CyberGhost provides completely anonymous access to servers in 13 countries on the free service — while the paid version has servers in 29 countries.
There are no limits on throughput with the free version.
However, the company makes sure that you don’t get the same speeds that paid users enjoy; as the Premium plan is five times faster than the free one.
The app’s free version sports pretty good anonymity, since you don’t even have to set up an account to start using the service.
Just download the installer, let it do its thing and then run the app.
CyberGhost has a neat activity selection screen that adjusts a connection according to your needs.
However, you won’t be able to get into many streaming services with the free version.
SaferVPN offers a free 24-hour trial and a proper free version that can be used as an app or browser plug-in. The browser version is only available for Chrome, but it is worth getting, because it’s the only version that continues to work after the 24-hour free trial terminates.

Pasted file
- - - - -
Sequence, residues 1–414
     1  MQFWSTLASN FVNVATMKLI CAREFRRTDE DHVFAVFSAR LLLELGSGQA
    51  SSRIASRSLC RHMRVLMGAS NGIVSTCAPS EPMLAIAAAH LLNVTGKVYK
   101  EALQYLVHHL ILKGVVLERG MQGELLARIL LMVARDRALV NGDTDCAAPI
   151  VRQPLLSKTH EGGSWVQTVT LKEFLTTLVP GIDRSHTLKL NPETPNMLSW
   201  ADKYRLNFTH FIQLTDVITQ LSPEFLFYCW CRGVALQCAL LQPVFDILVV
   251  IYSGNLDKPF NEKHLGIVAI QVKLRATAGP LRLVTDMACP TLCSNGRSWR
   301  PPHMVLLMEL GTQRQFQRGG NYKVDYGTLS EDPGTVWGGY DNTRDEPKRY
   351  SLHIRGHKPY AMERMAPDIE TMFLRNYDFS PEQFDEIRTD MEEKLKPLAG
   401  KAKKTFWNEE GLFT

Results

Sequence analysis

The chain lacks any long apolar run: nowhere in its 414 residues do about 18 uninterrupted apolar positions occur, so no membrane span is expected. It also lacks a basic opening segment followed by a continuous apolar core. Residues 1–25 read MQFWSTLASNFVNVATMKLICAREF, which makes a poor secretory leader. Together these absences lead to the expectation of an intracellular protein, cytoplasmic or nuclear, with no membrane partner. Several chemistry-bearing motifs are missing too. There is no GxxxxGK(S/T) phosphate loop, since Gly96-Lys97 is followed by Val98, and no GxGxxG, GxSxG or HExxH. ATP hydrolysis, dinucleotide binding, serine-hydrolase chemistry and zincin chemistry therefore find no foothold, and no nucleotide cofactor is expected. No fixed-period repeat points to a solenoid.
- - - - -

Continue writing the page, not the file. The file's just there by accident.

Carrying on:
You don’t have to enter payment details to get the free trial. However, the service does require a valid email address.
The plug-in works with a data limit of 500MB per month, which is remarkably similar to TunnelBear’s offering. You can access servers in 30 locations, which include major areas like:
The service offers strong encryption to prevent snoopers from identifying your Internet traffic. However, even SaferVPN’s paid version can’t get into top streaming sites with strict VPN detection methods, such as Netflix.